One thing that stuck in my mind throughout Tracy’s performance was that whereas she’d refer to members of one community by way of the colour of their skin, she’d refer to members of the other by way of their religion or by way of their ethnicity.

That’s racist isn’t it?


Efficiency is two-sided

From: Christine Hyde, North Kirklees NHS Support Group, Dewsbury

An open letter to Councillor David Hall, following the full council meeting on January 18 because I am not in his constituency.

Dear Coun Hall (Conservative),

I’m sorry you thought, at the council meeting on Wednesday, that your NHS patient records needed to be delivered by yourself from your consultant to your GP.

You could have exercised patient choice and not taken them. Your GP would have got them nevertheless. However, due to cuts since 2011, consultants who used to have a PA each, now share, for efficiency’s sake, so some things take longer.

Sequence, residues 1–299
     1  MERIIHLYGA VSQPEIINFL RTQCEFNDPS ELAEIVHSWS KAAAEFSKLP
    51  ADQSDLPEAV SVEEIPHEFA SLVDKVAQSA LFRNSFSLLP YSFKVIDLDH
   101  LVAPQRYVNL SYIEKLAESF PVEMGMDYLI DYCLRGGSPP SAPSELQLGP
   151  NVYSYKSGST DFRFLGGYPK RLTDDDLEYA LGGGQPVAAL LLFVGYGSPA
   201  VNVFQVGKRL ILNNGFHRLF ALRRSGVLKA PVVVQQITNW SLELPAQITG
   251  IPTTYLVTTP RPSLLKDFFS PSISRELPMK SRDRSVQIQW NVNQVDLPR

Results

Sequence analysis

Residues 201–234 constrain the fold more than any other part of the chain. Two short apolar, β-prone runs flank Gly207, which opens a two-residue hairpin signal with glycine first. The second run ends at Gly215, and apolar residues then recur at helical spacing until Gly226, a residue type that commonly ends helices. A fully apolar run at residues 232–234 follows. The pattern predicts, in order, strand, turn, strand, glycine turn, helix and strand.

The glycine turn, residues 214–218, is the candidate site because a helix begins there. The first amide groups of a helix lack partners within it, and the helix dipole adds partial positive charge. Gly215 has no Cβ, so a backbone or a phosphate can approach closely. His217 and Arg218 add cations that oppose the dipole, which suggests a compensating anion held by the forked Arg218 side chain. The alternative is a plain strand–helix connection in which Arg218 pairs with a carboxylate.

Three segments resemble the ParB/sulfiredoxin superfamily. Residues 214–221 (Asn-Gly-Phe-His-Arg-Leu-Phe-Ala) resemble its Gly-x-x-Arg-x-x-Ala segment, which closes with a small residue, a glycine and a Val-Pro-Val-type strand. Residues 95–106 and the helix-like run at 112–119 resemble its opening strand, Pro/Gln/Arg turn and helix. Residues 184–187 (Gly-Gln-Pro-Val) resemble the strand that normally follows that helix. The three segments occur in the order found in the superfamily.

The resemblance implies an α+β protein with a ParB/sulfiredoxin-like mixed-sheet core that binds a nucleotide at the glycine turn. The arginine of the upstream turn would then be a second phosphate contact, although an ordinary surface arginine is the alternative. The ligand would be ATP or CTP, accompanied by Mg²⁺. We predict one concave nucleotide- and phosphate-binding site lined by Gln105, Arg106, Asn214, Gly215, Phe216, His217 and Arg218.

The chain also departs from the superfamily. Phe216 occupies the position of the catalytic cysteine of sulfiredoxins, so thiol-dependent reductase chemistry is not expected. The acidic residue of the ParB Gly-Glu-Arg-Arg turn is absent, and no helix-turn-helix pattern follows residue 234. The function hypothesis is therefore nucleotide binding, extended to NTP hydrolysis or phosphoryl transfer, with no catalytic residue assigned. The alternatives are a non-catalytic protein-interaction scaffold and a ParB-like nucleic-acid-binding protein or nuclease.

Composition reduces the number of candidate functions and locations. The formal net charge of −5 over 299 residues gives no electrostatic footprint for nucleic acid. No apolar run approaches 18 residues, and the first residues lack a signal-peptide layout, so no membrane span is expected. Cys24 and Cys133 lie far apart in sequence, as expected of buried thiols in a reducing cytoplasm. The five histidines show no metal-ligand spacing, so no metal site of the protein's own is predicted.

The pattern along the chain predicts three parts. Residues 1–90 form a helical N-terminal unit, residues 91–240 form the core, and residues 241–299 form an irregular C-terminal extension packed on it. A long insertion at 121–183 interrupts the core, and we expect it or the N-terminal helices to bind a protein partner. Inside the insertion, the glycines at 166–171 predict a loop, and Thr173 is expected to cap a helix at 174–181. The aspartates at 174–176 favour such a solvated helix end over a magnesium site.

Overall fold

Because ‘efficiency’ is a double-edged sword. Efficiency for money is not efficiency for human beings. Illness makes us reside in the ‘being’. Other people, like nurses, have to be the doers for us. When ‘efficiency’ cuts mean not enough doctors and nurses, we lose our ‘being’ on a hospital trolley in the corridor, like in Worcester Hospital.

Was your statement assigning ownership of the health service to the Conservative government an admission?

We were robbed of OUR National Health Service by the Coalition’s Health and Social Care Act 2012 and any vestige will disappear this year with the secretive Slash, Trash and Privatise (STP) agenda unless people stop it.

Maybe we should broadcast that more widely. Thank you.


Difficult fight for our MPs